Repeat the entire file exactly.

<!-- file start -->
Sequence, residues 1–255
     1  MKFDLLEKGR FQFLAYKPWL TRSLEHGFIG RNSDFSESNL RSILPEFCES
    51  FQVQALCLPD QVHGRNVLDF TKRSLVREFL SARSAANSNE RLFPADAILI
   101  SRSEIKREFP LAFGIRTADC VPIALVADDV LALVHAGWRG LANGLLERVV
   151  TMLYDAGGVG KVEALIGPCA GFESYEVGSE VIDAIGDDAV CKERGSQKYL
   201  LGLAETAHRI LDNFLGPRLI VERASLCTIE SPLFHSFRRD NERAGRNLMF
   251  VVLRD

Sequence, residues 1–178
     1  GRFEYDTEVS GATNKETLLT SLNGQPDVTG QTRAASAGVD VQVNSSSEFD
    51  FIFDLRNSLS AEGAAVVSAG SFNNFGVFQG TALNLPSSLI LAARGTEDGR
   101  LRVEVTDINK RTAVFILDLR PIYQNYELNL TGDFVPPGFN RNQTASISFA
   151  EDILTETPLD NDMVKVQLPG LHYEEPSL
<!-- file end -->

Sequence, residues 1–255
     1  MKFDLLEKGR FQFLAYKPWL TRSLEHGFIG RNSDFSESNL RSILPEFCES
    51  FQVQALCLPD QVHGRNVLDF TKRSLVREFL SARSAANSNE RLFPADAILI
   101  SRSEIKREFP LAFGIRTADC VPIALVADDV LALVHAGWRG LANGLLERVV
   151  TMLYDAGGVG KVEALIGPCA GFESYEVGSE VIDAIGDDAV CKERGSQKYL
   201  LGLAETAHRI LDNFLGPRLI VERASLCTIE SPLFHSFRRD NERAGRNLMF
   251  VVLRD

Sequence, residues 1–178
     1  GRFEYDTEVS GATNKETLLT SLNGQPDVTG QTRAASAGVD VQVNSSSEFD
    51  FIFDLRNSLS AEGAAVVSAG SFNNFGVFQG TALNLPSSLI LAARGTEDGR
   101  LRVEVTDINK RTAVFILDLR PIYQNYELNL TGDFVPPGFN RNQTASISFA
   151  EDILTETPLD NDMVKVQLPG LHYEEPSL